With the end of summer comes the much-awaited favorite fall festivity of Halloween. Belize may not celebrate the pagan holiday in the exact ways our North Americans friends do, but there are still ways Belizeans commemorate the spooky season. For instance, the long-established tradition of “Los Finados” spans across many Latin countries in Central America, Belize being one of them. Otherwise known as “All Souls Day” in English, Los Finados is observed by Latin Catholics on November 2. A similar, more popular celebration is the Day of the Dead that is also observed in Mexico. While many different cultures memorialize this day differently, in Belize families honor the lives of their passed loved ones by decorating altars with food, sweets and anything the loved one used to like while they were alive.
While honoring All Souls Day is a more solemn way to commemorate the season, there are more lighthearted ways to get into the spooky spirit while in Belize. Here are some hair-raising – in a good way – adventures to keep in mind when visiting Belize in October.
Actun Tunichil Muknal (ATM) Cave
If you’re seeking a truly chilling adventure – pun intended – the ATM Cave near San Ignacio Town is unmissable. The Actun Tunichil Muknal Cave is one shrouded in so much mystery and history that National Geographic named it one of the most sacred caves in the world in 2019. The reason why this cave is perfect to visit during Halloween season is its sprinkling of ancient Mayan artefacts found within. In fact, inside the cave itself lies the skeleton of a Maya sacrificial victim coated in sparkling crystal carbonate. Nicknamed the Crystal Maiden, this relic is for sure a highlight when traversing through the wet cave. ATM is not for the faint of heart, but with it only being an hour and a half drive from Chaa Creek it’d be a mistake not to experience the thrill in the flesh.
Night Hiking Tour
We all know everything gets a little more interesting – and eerie – at night. So instead of a regular hiking tour, which on its own is worth checking out, opt for a night tour instead. For instance, Chaa Creek’s “Creatures of the Night” tours explore the dark side of Belize’s jungles. In the literal sense, of course! The rainforest is on a different wavelength at night, with its own array of night critters earning the creepy & crawly title. Accompany Chaa Creek’s experienced naturalist guides as you try to spot ocelots, howler monkeys, tarantulas and more.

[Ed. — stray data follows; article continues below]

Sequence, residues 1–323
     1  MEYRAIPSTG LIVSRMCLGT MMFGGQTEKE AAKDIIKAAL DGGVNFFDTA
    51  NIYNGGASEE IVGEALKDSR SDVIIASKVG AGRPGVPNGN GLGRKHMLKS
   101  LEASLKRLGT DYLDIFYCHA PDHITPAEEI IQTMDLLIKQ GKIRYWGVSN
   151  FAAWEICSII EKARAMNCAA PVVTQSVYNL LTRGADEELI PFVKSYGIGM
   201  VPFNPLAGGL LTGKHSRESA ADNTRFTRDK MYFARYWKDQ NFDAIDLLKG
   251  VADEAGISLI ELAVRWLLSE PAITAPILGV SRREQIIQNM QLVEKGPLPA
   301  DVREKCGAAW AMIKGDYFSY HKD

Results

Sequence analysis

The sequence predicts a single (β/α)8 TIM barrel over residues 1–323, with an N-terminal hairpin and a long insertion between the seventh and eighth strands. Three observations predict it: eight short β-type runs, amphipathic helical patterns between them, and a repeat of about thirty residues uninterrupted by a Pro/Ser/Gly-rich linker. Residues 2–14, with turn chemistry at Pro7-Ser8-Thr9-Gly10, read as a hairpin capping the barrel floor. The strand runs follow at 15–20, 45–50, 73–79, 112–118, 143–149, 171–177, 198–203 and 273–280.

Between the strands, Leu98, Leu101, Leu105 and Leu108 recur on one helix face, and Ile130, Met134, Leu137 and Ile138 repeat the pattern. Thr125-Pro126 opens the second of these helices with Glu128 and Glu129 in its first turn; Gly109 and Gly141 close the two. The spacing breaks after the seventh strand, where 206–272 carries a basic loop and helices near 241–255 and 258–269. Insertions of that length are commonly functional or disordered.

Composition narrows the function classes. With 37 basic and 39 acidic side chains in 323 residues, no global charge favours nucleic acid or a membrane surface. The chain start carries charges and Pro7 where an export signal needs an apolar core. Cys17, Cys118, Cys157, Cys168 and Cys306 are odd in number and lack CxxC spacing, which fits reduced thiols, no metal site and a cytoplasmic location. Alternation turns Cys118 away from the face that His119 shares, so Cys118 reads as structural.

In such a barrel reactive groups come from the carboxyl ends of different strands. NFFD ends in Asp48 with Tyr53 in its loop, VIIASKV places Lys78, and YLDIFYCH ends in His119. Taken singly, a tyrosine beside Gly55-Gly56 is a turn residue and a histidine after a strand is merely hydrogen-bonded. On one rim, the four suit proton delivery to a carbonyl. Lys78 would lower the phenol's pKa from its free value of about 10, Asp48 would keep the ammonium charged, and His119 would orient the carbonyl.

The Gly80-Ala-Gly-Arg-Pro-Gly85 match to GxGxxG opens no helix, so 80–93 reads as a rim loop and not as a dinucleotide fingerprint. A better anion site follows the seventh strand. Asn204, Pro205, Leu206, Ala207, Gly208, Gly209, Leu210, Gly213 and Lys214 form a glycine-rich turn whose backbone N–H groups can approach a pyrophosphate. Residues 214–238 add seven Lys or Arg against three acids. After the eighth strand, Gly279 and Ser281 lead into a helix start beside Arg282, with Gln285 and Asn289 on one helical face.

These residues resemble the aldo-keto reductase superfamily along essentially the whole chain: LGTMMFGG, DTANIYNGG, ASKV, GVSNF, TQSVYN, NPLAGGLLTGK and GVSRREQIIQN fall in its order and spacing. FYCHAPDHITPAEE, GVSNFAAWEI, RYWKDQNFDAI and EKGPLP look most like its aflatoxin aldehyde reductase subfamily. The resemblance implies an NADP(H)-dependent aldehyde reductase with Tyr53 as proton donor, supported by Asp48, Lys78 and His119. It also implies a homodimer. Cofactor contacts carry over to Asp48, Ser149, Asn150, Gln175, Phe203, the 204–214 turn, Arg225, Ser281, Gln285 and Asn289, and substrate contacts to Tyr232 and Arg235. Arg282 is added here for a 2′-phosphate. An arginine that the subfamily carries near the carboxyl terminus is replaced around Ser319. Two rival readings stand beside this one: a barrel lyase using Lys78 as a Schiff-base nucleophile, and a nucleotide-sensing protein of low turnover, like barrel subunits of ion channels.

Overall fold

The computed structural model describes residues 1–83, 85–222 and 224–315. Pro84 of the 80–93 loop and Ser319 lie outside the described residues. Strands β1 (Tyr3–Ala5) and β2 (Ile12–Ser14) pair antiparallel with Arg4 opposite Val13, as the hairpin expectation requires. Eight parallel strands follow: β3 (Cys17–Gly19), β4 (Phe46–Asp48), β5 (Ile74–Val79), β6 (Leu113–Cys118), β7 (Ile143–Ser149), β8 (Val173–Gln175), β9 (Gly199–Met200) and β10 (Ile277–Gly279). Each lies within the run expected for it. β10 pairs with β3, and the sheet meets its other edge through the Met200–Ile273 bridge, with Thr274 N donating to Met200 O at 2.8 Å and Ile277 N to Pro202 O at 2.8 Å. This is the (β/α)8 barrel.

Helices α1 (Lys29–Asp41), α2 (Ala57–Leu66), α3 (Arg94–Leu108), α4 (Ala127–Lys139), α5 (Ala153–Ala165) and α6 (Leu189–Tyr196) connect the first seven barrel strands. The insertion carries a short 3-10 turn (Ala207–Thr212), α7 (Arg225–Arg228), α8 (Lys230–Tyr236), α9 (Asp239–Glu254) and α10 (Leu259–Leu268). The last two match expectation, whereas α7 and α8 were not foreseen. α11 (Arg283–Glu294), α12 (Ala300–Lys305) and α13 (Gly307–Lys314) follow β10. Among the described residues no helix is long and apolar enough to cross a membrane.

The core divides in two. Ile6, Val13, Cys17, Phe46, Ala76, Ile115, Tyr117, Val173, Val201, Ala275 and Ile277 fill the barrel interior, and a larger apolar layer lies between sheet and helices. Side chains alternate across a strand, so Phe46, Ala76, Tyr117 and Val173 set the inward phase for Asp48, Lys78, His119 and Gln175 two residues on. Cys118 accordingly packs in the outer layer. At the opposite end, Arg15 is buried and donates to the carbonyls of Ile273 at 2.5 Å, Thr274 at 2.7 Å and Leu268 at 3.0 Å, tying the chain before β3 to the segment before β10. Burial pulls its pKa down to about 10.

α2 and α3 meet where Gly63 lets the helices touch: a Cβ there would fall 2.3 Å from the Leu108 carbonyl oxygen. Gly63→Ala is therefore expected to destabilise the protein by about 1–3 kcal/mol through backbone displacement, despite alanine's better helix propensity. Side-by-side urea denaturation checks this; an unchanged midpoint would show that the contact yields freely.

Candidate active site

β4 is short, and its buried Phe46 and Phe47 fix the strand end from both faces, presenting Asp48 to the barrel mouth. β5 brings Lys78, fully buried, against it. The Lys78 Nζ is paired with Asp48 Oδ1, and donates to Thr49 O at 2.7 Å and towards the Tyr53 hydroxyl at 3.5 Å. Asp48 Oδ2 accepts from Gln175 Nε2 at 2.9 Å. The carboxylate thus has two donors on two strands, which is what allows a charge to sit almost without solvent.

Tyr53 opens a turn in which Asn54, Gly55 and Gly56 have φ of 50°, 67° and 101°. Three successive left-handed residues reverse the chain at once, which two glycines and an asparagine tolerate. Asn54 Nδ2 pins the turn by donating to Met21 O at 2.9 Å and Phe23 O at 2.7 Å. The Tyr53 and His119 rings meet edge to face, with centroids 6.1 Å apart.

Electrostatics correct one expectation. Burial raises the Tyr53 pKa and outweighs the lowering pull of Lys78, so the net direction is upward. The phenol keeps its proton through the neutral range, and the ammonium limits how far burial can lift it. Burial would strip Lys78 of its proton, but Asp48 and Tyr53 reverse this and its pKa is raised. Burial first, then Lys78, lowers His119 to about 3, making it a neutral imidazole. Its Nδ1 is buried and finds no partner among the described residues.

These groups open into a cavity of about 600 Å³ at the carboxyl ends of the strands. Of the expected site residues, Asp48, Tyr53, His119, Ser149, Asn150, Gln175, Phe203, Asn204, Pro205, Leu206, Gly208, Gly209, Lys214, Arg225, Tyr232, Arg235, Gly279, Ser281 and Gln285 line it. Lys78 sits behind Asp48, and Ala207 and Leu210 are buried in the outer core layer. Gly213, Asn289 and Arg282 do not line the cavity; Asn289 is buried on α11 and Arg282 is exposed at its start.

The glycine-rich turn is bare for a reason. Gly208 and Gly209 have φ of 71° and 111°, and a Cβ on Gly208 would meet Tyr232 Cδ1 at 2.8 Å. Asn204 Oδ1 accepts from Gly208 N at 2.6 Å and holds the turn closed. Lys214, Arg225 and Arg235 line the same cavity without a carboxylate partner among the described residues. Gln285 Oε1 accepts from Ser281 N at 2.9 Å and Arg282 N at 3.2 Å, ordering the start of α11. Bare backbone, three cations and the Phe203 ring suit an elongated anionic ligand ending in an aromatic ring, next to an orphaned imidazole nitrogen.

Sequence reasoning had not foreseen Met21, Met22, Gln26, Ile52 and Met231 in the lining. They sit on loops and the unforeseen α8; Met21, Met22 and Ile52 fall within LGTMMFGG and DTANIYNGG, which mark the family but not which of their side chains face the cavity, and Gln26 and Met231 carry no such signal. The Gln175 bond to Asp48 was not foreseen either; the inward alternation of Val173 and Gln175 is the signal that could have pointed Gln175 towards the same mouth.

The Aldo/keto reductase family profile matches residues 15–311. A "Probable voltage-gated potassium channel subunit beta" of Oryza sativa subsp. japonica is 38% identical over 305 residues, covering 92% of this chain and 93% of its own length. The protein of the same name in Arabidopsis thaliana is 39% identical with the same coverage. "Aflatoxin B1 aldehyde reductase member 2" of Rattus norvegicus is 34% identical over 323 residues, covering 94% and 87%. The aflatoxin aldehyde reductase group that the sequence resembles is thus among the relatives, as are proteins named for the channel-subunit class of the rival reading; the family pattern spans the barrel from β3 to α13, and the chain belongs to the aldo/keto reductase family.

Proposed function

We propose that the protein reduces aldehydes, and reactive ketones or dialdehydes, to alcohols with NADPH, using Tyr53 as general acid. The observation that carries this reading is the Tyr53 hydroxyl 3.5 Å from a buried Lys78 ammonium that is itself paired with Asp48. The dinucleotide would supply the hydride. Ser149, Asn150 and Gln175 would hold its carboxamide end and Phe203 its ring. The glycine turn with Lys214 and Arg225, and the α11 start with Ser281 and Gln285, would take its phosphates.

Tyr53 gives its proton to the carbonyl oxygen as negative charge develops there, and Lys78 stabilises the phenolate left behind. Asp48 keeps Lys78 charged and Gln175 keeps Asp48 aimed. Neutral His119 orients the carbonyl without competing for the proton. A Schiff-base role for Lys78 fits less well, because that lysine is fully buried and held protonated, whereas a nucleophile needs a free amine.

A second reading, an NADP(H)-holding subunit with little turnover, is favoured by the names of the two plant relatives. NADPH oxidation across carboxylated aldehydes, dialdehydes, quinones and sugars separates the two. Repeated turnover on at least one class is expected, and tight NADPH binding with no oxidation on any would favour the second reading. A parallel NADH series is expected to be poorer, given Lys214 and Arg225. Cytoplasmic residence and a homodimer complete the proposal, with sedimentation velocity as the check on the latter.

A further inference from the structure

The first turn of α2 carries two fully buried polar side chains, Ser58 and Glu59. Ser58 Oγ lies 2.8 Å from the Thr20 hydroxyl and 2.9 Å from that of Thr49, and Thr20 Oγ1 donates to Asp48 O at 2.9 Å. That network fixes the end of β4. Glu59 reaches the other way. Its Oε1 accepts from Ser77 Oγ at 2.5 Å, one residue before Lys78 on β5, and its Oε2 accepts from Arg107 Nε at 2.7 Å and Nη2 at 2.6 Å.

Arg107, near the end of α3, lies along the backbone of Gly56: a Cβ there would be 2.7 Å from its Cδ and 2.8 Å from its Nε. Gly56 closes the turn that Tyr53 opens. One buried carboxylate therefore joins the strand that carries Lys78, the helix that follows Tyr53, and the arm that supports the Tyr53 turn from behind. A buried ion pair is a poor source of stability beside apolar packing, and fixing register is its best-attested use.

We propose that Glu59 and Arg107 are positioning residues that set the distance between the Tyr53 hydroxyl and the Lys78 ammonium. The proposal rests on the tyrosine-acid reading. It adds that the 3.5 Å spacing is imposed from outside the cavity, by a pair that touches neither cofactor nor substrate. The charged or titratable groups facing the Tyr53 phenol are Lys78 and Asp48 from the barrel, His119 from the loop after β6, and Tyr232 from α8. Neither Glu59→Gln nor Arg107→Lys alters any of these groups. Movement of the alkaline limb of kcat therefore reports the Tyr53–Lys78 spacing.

While it is a night tour, you needn’t be afraid of the dark since you’ll be equipped with a headlamp, though we recommended shutting off the light at least once to fully appreciate the dark jungle come to life through fireflies, hooting owls and phosphorescent insects.
Say hello to bats while canoeing the Macal River
Speaking of creepy critters, you can meet the mascots of Halloween by simply canoeing on the Macal River in San Ignacio. Use Chaa Creek as a base where you can rent a canoe and paddle downstream for approximately two hours until you arrive at San Ignacio.
On the way, you’ll come across giant green iguanas, tropical birds and more. And if you’ve got a guide with you, he’ll take you to a secret spot just on the banks of the river, where a small, open cave is carved into the wall. Here, you’ll greet small bats taking a nap upside down hanging from the ceiling of the cave. After carefully not rousing them, continue paddling downstream until you arrive at the bustling town, where Chaa Creek will be able to pick you up and take you back to the lodge for some lunch. Or you can also have the guides pick up the canoes while you explore the town on foot.
Into the depths of the Blue Hole
Perhaps the least scary activity on the list, yet the Blue Hole is deserving of the list due to much of its history being cloaked in mystery. Not only does the origin story of the Great Blue Hole seem to vary, its contents are also undiscovered for the most part. While Richard Branson and a team from Aquatica Submarines plunged into the 407-foot deep underwater cavern in 2019, the data extracted scratched only the surface of what lies beneath. But the experience of diving it is still worth documenting. While it may be dark, diving deep into the Blue Hole will grant you first-hand access to seeing Hammerhead and reef sharks swim by, schools of barracuda and even colorful tropical fish. Having such creatures sharing a space with you may seem spine-chilling to some, but as the saying goes, the only difference between fear and excitement is attitude, right?
Maya Shaman healing
With this unique experience, you really rub elbows with the supernatural. Known also as a Cleansing ritual, the Maya Shaman Healing experience is an underrated activity found in the village of San Antonio near San Ignacio. Using special herbs and the incense of copal (tree resin), the traditional Maya shaman will target areas needing healing. This smoke ceremony should leave you feeling rejuvenated with your aura cleansed of any negative energy. Imagine: a sacred ceremony transcendent of this world, catered to you and only you, while a trusted shaman leads you to a purified soul. If that’s not a great way to bookend the Halloween season, we don’t know what is.